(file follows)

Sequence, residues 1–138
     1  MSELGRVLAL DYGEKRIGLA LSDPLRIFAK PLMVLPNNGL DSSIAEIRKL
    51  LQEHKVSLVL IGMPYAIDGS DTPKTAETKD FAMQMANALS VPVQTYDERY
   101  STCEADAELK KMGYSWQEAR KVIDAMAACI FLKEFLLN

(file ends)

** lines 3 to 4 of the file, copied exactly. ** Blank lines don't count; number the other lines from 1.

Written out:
    51  LQEHKVSLVL IGMPYAIDGS DTPKTAETKD FAMQMANALS VPVQTYDERY
   101  STCEADAELK KMGYSWQEAR KVIDAMAACI FLKEFLLN